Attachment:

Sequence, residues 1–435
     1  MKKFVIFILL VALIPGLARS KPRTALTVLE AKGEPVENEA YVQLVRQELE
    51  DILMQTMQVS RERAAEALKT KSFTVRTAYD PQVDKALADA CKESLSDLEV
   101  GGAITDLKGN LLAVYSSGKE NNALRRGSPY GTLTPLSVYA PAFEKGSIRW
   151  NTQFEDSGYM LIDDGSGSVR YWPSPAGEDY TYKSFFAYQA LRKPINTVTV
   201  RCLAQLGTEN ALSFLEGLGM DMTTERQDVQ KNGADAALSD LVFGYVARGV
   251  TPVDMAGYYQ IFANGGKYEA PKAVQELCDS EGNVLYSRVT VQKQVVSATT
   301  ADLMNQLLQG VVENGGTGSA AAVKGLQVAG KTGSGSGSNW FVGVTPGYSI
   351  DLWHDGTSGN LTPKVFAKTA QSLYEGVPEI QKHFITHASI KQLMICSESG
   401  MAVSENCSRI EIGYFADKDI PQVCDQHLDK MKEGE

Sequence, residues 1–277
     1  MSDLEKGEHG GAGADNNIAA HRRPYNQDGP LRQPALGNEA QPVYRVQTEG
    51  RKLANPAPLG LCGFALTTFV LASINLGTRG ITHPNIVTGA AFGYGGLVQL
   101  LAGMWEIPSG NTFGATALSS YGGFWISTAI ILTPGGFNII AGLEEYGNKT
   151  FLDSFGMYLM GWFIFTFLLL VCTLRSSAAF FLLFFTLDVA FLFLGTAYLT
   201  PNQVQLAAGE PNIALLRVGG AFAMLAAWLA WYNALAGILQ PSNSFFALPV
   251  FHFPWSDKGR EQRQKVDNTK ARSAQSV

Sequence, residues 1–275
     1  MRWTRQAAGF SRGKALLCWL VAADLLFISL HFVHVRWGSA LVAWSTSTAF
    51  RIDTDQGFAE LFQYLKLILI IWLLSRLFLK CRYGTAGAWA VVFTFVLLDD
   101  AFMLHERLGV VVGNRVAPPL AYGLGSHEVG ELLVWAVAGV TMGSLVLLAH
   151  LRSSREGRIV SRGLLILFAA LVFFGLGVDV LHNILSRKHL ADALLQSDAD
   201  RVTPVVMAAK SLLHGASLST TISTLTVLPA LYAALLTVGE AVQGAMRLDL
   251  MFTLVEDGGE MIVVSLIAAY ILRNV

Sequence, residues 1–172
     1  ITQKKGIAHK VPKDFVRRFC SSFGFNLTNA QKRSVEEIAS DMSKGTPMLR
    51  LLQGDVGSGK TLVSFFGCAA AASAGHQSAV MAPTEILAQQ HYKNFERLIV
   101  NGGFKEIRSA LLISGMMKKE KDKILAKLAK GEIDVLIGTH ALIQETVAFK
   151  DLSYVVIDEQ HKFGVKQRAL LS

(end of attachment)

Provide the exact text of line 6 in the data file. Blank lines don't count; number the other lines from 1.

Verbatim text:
   201  RCLAQLGTEN ALSFLEGLGM DMTTERQDVQ KNGADAALSD LVFGYVARGV